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Bulletin of the Atomic Scientists
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Register now for the Bulletin of the Atomic Scientists’ teleconference event on Monday, September 26, 2016 with The Guardian's world affairs editor, Julian Borger. This open-to-the-public teleconference will take place from 9 a.m. to 10 a.m. CDT.

North Korea’s fifth nuclear test confirms growing fears in the international community that the regime’s nuclear aspirations reach much further than once assumed. Pyongyang confirmed the test on September 9th, claiming that it is now capable of mounting nuclear warheads on ballistic missiles. Join our conversation with moderator Julian Borger of The Guardian, while experts Suzanne DiMaggio, Mark Fitzpatrick, and Chung-in Moon discuss what appears to be the most powerful nuclear test ever conducted by North Korea.
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Terrific review
If the creators of the performance piece The Bomb sought to make an impact on their audience at their Broadway debut last weekend, they succeeded: At least three people fainted at the first show. (No one was permanently injured, and all recovered, the organizers said.)
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Biodiversity loss: An existential risk comparable to climate change

http://thebulletin.org/biodiversity-loss-existential-risk-comparable-climate-change9329
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its 1 minute 30
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http://thebulletin.org/dirty-parts-computing-world9312

The Cloud is surprisingly poisonous, a fact that few people outside of big data centers seem to be aware of. And that’s before the energy hog known as Bitcoin came along.
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They're always picking their nose on somebody else's territory
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This is serious and not generally understood. Accidental mistakes or intentional misuse can cause considerable irreversible damage and potentially, an existential risk.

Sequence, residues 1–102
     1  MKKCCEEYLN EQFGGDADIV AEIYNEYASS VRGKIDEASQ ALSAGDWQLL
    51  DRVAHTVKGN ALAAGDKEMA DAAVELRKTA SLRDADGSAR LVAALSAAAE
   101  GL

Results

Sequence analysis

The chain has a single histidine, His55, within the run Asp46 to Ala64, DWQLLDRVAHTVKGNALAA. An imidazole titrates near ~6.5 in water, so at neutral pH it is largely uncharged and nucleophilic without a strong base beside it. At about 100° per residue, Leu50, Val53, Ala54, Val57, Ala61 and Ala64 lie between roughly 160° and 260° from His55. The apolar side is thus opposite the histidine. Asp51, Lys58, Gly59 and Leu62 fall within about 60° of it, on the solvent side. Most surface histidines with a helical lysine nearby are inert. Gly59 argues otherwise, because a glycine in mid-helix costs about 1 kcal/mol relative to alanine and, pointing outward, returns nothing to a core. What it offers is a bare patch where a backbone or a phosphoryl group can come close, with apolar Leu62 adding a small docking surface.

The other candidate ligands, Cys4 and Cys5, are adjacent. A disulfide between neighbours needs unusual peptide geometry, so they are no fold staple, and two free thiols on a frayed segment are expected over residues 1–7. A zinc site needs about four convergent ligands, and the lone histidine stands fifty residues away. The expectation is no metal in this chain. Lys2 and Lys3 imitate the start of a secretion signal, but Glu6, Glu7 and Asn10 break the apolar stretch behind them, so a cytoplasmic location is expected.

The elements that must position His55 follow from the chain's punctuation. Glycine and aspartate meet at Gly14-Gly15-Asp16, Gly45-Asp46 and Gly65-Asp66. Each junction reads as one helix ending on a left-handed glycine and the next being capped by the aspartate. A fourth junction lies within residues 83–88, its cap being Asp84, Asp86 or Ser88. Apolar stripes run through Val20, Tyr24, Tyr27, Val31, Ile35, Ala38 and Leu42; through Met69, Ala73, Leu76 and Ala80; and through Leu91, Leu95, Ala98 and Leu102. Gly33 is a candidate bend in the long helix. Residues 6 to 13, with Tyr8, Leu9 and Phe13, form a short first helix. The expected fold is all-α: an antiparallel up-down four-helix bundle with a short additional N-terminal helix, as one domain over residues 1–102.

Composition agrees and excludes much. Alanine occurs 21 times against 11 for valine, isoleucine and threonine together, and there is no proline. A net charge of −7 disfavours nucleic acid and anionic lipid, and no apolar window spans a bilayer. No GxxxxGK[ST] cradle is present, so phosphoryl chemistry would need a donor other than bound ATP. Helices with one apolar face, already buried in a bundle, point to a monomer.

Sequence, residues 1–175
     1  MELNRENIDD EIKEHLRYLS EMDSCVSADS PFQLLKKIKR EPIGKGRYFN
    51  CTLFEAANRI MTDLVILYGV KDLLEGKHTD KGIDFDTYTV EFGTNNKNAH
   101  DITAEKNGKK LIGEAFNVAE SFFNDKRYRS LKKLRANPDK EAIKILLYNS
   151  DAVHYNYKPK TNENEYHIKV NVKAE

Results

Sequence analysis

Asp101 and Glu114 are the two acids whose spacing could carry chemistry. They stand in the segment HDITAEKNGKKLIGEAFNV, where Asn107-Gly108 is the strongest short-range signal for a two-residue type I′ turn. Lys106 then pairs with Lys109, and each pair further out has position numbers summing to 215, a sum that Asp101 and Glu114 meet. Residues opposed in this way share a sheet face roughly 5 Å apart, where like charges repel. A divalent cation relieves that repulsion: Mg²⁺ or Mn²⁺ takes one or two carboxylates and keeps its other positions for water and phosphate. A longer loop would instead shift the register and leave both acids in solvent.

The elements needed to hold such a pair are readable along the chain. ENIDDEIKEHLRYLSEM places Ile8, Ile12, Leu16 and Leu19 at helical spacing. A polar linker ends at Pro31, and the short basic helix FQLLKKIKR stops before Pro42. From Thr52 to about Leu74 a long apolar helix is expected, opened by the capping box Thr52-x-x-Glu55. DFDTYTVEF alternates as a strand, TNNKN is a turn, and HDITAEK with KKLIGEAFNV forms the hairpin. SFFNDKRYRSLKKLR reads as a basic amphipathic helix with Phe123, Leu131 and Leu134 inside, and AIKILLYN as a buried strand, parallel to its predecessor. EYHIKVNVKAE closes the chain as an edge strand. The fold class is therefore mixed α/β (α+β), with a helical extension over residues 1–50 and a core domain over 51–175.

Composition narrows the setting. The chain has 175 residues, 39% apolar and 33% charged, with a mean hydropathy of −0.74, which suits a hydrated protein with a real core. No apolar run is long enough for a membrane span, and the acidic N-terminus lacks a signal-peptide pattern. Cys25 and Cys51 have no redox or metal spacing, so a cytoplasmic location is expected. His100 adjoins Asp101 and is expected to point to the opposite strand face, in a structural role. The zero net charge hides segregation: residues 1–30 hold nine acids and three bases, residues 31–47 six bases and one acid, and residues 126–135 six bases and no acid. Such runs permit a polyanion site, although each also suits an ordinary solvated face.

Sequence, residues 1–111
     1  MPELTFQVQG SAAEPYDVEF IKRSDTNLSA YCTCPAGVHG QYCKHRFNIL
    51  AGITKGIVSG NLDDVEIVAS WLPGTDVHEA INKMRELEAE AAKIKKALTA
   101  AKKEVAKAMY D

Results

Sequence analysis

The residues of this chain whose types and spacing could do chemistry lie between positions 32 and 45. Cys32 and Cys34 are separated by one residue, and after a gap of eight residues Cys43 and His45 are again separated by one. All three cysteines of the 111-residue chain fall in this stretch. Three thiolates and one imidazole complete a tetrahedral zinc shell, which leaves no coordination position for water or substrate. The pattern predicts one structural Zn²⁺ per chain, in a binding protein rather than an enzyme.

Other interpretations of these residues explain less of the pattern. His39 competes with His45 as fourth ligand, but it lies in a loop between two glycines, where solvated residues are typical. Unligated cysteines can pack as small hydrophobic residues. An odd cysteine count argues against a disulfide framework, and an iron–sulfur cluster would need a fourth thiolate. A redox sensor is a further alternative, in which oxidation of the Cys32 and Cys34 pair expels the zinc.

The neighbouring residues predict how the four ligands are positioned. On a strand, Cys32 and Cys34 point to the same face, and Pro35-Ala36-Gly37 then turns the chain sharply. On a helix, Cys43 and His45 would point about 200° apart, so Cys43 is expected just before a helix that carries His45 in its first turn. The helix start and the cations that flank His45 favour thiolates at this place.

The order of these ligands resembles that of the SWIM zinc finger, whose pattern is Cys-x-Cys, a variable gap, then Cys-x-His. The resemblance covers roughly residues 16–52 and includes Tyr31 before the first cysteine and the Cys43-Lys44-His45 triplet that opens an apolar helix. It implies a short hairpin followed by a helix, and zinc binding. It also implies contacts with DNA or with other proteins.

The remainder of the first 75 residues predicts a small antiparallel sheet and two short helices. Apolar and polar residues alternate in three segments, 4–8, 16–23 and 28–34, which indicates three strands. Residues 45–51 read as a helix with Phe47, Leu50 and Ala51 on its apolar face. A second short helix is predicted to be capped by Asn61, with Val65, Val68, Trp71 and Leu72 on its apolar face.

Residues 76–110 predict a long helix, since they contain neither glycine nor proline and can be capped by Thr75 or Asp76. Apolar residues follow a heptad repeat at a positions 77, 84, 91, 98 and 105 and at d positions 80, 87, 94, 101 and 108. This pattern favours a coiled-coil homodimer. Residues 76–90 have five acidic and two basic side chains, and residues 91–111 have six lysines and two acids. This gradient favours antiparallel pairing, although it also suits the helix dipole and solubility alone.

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Two recent polls, one conducted by Gallup and the other by the University of Texas at Austin, seem to show public opinion about nuclear energy headed in different directions. A third survey, the spring 2016 nuclear energy survey by Bisconti Research for the Nuclear Energy Institute (NEI) found favorability numbers about the same as last year. Moreover, the percentages favoring nuclear energy in the three surveys diverged widely. In looking for th...
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Six years ago, science writer Sonia Shah began work on a book that would explain how the next pandemic might originate: It would start as a pathogen found only in animals, adapt to humans through close contact, and spread rapidly thanks to urbanization and modern travel. Since then, the Ebola virus has ravaged the West African nations of Guinea, Liberia, and Sierra Leone. The chikungunya virus established itself in the Americas for the first time...
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The Bulletin of the Atomic Scientists informs the public about risks from nuclear weapons, nuclear energy, climate change, and biotechnology.
Introduction

The Bulletin of the Atomic Scientists was established in 1945 by scientists, engineers, and other experts who had created the atomic bomb as part of the Manhattan Project. They knew about the horrible effects of these new weapons and devoted themselves to warning the public about the consequences of using them. Those early scientists also worried about military secrecy, fearing that leaders might draw their countries into increasingly dangerous nuclear confrontations without the full consent of their citizens.

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